|Sarasota High is being converted into the Sarasota Museum of Art|
Executive Director and Chief Curator Anne-Marie Russell gave a high energy talk about the process. She posed a seemingly basic question: What is a contemporary art museum? But the answer is not so straightforward. Russell broke it down for us by parsing each of these words.
|Alfred Barr "torpedo" model|
But here's the rub: That model means the museum would have to de-accession works once they age out. What, then, should MOMA do with Vincent Van Gogh's "Starry Night" once the cut-off date rolled around, be it 1940 or 1990? (Van Gogh painted "Starry Night" in 1889.) Sell the painting off to fund truly contemporary work?
MOMA's solution was to affiliate with another established contemporary art museum--P.S. 1 Contemporary Art Center in Long Island City. MOMA PS1 now fulfills Barr's original intention of displaying cutting edge contemporary work, allowing MOMA the latitude to continue to show works like "Starry Night."
Educationally, however, anything will be fair game for the Museum. "Always and forever!" will be the Museum's mantra, as its team goes about educating Sarasota art lovers about the foundations of contemporary art.
Next Russell was on to the question of what constitutes (quality) art. Like most most contemporary museums, the Sarasota Museum of Art will adopt the Bauhaus model, which encompasses all variety of media and disciplines. Russell noted that video and performance art will be included under this umbrella.
|Christian Sampson Color Light Projection on display|
Finally, Russell arrived at the question what constitutes a museum. The American Alliance of Museums has a long definition that includes objectives like exhibition, conservation, research and education. The Sarasota Museum of Art is three years into the AAM's eight year accreditation process. (Note: The Museum is planning to open in late 2019, before accreditation is in place.)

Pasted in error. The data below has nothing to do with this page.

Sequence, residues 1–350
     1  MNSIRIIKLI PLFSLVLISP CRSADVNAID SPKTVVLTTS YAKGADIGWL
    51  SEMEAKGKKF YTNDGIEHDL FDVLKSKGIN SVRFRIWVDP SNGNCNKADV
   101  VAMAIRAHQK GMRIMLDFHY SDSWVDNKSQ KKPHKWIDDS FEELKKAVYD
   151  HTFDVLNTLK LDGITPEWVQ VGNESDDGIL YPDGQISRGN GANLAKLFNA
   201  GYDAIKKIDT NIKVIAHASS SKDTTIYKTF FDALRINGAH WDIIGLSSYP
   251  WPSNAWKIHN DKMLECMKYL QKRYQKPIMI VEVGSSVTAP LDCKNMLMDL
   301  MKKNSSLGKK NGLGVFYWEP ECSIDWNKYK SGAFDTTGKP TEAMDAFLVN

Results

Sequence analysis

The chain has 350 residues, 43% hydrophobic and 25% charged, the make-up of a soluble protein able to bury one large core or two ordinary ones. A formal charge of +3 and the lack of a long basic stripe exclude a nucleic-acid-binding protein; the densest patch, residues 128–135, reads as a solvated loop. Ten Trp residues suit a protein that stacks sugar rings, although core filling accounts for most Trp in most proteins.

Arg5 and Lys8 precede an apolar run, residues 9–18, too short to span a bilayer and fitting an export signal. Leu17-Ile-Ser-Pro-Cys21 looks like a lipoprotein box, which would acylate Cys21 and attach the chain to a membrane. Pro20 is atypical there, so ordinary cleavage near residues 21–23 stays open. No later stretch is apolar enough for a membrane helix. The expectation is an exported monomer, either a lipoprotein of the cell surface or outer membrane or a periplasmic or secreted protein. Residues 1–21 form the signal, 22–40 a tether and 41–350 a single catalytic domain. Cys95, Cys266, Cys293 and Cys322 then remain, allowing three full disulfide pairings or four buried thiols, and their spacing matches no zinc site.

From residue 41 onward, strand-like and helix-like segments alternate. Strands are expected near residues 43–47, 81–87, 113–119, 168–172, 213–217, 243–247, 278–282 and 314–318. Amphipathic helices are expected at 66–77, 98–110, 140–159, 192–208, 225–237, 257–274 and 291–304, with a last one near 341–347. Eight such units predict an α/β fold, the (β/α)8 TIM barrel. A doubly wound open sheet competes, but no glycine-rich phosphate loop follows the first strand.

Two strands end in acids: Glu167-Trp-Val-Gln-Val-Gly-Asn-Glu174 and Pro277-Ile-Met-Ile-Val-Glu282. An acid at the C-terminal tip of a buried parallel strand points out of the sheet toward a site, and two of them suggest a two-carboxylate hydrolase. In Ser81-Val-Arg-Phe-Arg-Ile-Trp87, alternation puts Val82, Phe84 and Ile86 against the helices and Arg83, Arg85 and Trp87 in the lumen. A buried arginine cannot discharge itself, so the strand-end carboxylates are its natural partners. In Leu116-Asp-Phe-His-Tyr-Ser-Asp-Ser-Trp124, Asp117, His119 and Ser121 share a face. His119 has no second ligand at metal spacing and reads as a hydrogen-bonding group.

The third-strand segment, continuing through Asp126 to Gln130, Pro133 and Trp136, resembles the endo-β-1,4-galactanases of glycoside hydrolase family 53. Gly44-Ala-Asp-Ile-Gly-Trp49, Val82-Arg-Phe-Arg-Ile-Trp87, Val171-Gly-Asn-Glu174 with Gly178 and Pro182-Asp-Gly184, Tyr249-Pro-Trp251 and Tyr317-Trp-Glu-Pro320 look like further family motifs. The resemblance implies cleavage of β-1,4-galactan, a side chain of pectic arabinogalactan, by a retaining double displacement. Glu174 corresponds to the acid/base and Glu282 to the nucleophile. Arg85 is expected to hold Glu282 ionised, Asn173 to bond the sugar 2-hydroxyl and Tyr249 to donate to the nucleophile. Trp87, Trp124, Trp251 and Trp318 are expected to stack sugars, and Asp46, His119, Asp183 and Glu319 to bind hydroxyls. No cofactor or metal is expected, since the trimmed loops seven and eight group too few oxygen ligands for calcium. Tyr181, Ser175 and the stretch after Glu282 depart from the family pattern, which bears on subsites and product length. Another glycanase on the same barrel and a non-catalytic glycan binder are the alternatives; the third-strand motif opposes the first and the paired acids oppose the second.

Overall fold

But we all know more or less what a museum is. What was interesting was learning that the Museum will be a kunsthalle, or non-collecting museum. The reason for this choice is simple: money. Russell noted that the costs associated with maintaining a collection go well beyond the dollars required to purchase the art. You have to house that art permanently, whether on display or not, and develop a lending program. A massive endowment--beyond the Museum's initial reach--is required in order to operate a collecting museum properly. Russell optimistically said, "Maybe in 10 years we'll be there." For now, though, the Museum will bring in the artwork for its exhibits and bid the works a fond adieu at the end of the show.
Russell's talk was a fascinating look into just a sliver of what is happening behind the scenes as the Sarasota Museum of Art moves towards opening its doors. I can't wait to learn more.